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Muscle enzymes in the evaluation of neuromuscular diseases

Marc L Miller, MD
Section Editors
Ira N Targoff, MD
Jeremy M Shefner, MD, PhD
Deputy Editor
Monica Ramirez Curtis, MD, MPH


The measurement of serum levels of muscle enzymes is a critical part of the evaluation of patients presenting with weakness or myalgias, and it is important in monitoring the course and response to therapy of certain muscular disorders. Creatine kinase (CK), lactate dehydrogenase (LDH), alanine aminotransferase (ALT), aspartate aminotransferase (AST), and aldolase are the serum enzymes that are measured in clinical practice.

This topic will review the biochemistry of muscle enzymes and their use in clinical practice. The biochemistry and use of serum enzymes in patients with renal failure are discussed separately. (See "Serum enzymes in patients with renal failure" and "Serum cardiac biomarkers in patients with renal failure".)


Creatine kinase — Creatine kinase (CK) is the most widely used enzyme to diagnose and follow muscle disease. It is present in the highest concentrations in serum in response to muscle injury, is the most sensitive indicator of muscle injury, and is the best measure of the course of muscle injury [1].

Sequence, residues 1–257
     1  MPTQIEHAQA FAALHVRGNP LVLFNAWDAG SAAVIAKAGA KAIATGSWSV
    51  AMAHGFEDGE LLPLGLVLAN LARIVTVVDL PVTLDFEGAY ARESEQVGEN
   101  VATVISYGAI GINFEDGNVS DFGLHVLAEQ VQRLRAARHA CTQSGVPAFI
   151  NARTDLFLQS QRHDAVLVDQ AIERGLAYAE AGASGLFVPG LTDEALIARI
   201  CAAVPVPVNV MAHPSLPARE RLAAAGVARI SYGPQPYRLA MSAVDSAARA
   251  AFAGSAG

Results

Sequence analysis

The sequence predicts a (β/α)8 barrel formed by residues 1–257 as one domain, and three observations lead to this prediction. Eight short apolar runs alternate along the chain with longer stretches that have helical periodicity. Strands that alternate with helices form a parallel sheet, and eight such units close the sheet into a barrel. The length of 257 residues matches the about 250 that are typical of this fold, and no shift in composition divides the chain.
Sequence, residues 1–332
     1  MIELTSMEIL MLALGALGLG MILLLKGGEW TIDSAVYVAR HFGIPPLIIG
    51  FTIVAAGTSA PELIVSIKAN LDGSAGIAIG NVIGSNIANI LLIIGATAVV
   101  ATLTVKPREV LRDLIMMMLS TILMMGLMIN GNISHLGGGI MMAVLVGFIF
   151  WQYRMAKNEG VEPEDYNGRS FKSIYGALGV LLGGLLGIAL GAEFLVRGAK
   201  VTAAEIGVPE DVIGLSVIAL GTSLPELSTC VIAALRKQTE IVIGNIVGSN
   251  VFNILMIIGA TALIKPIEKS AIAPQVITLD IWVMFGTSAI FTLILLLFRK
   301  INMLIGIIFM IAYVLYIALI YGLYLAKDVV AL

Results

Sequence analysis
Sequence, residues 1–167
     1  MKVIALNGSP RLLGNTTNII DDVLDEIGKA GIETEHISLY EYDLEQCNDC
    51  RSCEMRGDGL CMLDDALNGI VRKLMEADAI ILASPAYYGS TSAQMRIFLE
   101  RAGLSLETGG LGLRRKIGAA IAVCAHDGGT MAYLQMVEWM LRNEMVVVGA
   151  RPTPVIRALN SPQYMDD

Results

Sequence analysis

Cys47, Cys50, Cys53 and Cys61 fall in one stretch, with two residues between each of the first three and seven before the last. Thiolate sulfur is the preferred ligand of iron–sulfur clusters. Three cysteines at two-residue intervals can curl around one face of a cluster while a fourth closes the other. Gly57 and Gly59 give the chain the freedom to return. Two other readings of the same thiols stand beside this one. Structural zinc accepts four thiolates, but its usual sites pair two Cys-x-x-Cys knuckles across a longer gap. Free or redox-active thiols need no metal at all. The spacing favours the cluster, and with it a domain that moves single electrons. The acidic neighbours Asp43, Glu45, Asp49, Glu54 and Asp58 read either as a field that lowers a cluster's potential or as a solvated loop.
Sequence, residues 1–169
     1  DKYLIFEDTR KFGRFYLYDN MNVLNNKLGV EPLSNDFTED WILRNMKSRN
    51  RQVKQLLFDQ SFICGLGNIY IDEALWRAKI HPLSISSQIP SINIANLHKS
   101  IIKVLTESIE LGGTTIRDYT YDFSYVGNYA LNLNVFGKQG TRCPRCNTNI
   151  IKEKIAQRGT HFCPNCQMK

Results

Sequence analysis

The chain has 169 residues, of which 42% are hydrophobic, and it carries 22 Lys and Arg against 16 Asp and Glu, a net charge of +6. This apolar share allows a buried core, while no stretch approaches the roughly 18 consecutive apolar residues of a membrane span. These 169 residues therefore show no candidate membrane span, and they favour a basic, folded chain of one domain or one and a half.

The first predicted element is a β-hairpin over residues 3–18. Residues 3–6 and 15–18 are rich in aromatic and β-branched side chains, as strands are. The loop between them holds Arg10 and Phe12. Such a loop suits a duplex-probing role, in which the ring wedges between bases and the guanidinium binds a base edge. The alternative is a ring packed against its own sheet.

CK is located on the inner mitochondrial membrane, on myofibrils, and in the muscle cytoplasm [2]. It is involved in cellular energy storage and transfer via two major effects:

It catalyzes the production of high-energy adenosine triphosphate (ATP) via transfer of a phosphate from creatine phosphate, which is the major storage reservoir of energy during muscle rest, to adenosine diphosphate (ADP).

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Literature review current through: Sep 2017. | This topic last updated: Jul 13, 2016.
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